Midwives make history

Online learners graduate degree course

ALEXIA JOHNSTON
Last updated 15:28 30/04/2014
rhiannon fitzgerald, kelly allan
JOHN BISSET/ Fairfax NZ

NEW ERA: Rhiannon Fitzgerald, left, and Kelly Allan are the first people in South Canterbury to graduate with a Bachelor of Midwifery after completing a satellite course, jointly offered between Christchurch and Otago polytechs.

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International Midwives Day is on May 5, followed by International Nurses' Day on May 12. Alexia Johnston spoke with two women who were the first graduates of a new South Canterbury midwifery course and now have jobs at Jean Todd Maternity.

South Canterbury midwives Rhiannon Fitzgerald and Kelly Allan are marking a first for their industry at Jean Todd Maternity.

The women are the first in South Canterbury to graduate from a Bachelor of Midwifery satellite course, jointly offered between Christchurch and Otago polytechs.

It took Fitzgerald and Allan three years to complete their studies, mainly from the comfort of their own homes.

A large component of the course is self directed learning, but is well balanced with assessments and practical experience working alongside women and midwives throughout the degree, Fitzgerald said.

That process involved Moodle, an online interactive learning programme, which allowed students to take part in virtual classes so they can hear other students talking and watch notes being made on a white board.

To complete their studies they were required to deliver 40 normal births, work alongside 50 women with complications, conduct 100 ante-natal visits, 100 post-natal visits and 100 new born examinations, Fitzgerald said.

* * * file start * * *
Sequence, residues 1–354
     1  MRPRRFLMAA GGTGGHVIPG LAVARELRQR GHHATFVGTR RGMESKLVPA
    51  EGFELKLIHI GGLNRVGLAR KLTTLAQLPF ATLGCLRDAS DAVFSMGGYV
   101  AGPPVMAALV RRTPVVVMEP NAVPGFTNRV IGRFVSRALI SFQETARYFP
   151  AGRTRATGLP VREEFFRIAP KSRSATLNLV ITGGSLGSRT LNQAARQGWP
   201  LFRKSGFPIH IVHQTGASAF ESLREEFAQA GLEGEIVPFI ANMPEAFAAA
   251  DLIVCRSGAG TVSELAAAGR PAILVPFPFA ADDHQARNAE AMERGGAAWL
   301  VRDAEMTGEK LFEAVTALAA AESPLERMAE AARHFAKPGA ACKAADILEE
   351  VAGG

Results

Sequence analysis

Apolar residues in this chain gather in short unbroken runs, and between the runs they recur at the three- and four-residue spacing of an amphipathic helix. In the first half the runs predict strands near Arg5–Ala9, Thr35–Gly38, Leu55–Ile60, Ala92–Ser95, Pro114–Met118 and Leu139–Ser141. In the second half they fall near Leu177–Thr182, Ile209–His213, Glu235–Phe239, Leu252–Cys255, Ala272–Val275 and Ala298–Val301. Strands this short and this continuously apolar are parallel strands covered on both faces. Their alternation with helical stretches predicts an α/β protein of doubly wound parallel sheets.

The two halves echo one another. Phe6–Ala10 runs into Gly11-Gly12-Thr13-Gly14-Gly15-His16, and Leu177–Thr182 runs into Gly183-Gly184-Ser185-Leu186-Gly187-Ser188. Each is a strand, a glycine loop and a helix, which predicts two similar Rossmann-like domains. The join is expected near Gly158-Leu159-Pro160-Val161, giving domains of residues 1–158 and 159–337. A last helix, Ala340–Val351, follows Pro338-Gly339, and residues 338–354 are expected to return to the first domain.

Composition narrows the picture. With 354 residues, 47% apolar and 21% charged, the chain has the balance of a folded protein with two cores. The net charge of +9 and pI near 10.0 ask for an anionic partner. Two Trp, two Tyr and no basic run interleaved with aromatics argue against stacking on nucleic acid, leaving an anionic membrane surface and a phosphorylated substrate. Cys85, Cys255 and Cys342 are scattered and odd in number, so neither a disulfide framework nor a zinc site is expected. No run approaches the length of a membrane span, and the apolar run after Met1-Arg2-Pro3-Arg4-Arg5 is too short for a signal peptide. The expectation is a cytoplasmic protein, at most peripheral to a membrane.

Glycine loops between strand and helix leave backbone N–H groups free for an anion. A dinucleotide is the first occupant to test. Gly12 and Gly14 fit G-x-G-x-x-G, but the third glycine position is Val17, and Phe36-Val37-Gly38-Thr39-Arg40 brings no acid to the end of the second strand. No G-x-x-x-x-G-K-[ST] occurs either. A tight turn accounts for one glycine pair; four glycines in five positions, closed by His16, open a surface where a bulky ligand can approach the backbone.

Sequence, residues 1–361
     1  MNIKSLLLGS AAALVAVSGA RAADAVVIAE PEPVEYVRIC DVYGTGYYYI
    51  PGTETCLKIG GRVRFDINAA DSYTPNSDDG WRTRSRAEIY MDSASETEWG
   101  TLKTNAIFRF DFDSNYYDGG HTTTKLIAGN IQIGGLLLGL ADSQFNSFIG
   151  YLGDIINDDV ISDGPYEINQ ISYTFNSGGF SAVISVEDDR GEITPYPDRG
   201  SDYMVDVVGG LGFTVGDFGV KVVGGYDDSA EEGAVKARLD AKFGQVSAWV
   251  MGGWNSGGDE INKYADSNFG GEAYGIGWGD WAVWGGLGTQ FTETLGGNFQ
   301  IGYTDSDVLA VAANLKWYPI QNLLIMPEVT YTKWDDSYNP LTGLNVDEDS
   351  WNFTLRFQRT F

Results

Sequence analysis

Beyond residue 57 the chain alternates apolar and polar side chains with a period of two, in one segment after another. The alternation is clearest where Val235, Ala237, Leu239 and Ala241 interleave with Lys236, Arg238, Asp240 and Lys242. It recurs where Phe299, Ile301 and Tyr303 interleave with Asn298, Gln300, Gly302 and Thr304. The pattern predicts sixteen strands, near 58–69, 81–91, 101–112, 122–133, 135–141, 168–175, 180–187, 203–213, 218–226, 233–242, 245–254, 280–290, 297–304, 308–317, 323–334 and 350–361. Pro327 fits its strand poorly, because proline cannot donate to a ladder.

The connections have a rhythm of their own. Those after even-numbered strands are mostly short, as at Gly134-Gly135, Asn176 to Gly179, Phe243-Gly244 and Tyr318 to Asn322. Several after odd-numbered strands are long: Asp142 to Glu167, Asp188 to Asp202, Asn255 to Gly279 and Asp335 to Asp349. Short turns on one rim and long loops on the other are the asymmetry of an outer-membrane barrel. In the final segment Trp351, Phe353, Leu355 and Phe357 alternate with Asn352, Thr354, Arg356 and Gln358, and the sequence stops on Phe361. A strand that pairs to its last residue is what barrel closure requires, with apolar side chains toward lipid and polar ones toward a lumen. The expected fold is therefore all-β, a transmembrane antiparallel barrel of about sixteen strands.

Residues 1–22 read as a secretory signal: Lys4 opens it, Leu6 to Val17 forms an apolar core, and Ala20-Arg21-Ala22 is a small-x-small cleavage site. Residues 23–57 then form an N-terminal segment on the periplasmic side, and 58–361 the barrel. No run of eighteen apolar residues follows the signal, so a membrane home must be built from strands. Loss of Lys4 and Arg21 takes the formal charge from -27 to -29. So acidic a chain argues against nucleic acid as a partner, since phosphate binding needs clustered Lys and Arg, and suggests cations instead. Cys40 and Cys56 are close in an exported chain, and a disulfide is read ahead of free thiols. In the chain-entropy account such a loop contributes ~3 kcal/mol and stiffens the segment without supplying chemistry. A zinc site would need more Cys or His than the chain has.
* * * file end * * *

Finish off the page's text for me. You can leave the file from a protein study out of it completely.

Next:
Fitzgerald and Allan, who each have two children, agreed that taking part in the satellite course was their best option. Due to having young families they did not want to relocate.

"It was the only option that we had, but it was still a challenge," Allan said.

Fitzgerald said working from home had its privileges.

"If I had a lot [of study] to do I could wait till the children were in bed at night. I didn't have to attend classrooms at a set time."

Lectures were recorded for students on the satellite course, which meant they could watch them whenever they wanted.

Allan said financially the course was a challenge, but she is now enjoying her new industry. Being with people is one of the aspects she enjoys the most.

"You meet people at the start and when you see them at the end they are confident mums. I like that experience from start to finish," Fitzgerald added.

Allan and Fitzgerald are also part of a mentor programme and have compulsory educational days to build on their midwifery knowledge.

The support given to the graduates was valuable, Fitzgerald said. "You are never alone, which is great."

Allan agreed. "I think that's a fear when you first finish, that you are going to be on your own, but you're not".

SOUTH CANTERBURY HERALD

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